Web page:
Wiley InterScience Backfile Collection 1832-2000
Chemistry and Pharmacology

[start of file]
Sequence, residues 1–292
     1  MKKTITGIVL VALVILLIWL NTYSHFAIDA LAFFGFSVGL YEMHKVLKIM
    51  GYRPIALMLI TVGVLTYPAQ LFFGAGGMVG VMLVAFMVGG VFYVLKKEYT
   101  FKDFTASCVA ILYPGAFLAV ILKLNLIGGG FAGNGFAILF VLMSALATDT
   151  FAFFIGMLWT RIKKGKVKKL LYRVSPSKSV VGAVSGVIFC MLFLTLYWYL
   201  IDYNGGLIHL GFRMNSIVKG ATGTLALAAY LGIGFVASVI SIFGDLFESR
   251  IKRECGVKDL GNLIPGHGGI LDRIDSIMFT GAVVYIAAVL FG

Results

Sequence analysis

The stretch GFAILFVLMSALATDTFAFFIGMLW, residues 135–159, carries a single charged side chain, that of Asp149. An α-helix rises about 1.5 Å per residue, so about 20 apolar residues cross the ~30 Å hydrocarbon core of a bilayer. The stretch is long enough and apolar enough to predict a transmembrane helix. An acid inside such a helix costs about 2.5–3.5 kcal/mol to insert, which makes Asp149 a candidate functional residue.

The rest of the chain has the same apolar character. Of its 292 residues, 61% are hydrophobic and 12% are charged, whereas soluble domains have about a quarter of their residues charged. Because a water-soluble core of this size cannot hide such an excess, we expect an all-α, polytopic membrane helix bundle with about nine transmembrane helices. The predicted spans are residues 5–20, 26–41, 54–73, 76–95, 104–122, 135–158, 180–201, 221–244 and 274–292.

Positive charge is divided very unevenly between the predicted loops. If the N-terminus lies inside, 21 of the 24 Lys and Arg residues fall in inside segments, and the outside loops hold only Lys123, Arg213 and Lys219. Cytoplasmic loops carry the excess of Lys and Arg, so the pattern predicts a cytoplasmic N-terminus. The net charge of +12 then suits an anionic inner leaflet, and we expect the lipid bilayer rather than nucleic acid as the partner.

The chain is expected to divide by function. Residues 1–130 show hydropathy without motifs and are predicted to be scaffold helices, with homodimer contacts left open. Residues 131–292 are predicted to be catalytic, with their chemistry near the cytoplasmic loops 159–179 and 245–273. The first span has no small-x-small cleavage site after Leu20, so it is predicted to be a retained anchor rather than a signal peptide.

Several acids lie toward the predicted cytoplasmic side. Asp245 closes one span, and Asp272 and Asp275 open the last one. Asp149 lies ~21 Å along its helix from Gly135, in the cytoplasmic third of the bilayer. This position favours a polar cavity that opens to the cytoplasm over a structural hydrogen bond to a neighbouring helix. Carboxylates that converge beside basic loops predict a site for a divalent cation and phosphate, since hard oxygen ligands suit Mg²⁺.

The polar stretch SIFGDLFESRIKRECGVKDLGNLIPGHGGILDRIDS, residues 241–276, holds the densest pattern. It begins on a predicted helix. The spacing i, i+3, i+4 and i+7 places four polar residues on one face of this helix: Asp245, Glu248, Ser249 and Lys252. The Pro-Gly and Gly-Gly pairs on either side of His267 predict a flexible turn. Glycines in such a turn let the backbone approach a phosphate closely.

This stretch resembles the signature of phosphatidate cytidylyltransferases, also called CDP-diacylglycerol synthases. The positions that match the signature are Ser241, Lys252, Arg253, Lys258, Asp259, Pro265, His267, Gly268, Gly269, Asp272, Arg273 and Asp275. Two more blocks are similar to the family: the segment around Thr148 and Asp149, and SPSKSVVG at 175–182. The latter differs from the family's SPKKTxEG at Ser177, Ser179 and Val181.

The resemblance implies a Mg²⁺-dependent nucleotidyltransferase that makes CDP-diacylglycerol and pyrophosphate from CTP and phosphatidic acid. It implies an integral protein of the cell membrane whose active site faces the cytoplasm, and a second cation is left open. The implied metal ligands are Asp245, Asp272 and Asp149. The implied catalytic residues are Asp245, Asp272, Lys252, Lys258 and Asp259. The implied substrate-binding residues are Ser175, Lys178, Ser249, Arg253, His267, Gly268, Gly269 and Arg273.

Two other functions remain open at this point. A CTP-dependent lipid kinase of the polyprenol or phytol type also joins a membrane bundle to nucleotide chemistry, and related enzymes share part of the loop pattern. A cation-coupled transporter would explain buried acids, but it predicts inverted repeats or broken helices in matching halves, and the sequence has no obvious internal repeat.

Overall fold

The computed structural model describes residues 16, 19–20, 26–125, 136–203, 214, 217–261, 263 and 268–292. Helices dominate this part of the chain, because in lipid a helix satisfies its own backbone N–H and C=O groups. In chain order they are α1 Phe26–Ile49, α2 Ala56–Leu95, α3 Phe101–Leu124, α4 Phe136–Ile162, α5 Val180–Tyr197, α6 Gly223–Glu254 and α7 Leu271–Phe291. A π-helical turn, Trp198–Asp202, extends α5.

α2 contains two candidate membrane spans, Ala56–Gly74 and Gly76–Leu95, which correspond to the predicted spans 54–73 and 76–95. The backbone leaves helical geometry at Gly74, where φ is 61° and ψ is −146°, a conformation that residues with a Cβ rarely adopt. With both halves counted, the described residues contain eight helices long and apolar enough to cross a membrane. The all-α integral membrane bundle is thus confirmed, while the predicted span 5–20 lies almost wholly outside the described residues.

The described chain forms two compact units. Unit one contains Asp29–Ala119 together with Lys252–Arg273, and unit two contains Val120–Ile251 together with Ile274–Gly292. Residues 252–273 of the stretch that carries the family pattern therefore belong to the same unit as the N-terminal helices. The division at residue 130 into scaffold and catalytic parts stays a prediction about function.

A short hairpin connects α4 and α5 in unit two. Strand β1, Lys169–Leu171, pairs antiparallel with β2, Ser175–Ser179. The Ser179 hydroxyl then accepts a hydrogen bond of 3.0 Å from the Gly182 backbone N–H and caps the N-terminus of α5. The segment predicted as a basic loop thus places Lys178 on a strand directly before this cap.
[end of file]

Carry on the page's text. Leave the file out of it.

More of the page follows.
Cleavage of N-phenylpyridinium or N-vinylpyridinium salts with secondary aliphatic amines leads to aromatic amino compounds or enamines which are often unobtainable by other routes. The other fragment, glutacondialdehyde or its monoanil, gives azulenes, as shown by Ziegler and Hafner, as well as König; these compounds can also be prepared from alkylpyridinium salts with cyclopentadienylsodium (Hafner). Syntheses of labile aldehydes which are otherwise difficult to obtain and of α-ketocarboxylic acids, starting from pyridinium salts and proceeding via nitrones or α-cyanoanils, are illustrated by many new examples. Benzimidazoles, benzothiazoles, and amidines are accessible from pyridinium salts via nitrones or α-cyanoanils; cyanoanils can be transformed into quinoxalines (including xanthopterine), perimidines, etc. Furthermore, nitrosonaphthols and nitrosonaphthylamines react with pyridinium salts containing an active methylene group on the nitrogen, leading to new ring systems. Further synthetic possibilities arise from nucleophilic displacements of the pyridine in pyridinium salts by SN 2 reactions. Combination of the route via nitrones with the methods of Arndt-Eistert, Ortoleva-King, or with chloromethylation constitutes a significant enlargement of its range of application. The formation of α-cyanoanils from diazoketones permits synthesis of α-keto-β-amino acids from α-amino acids, or of phenylglyoxylic acids from benzoic acids by chain extension.
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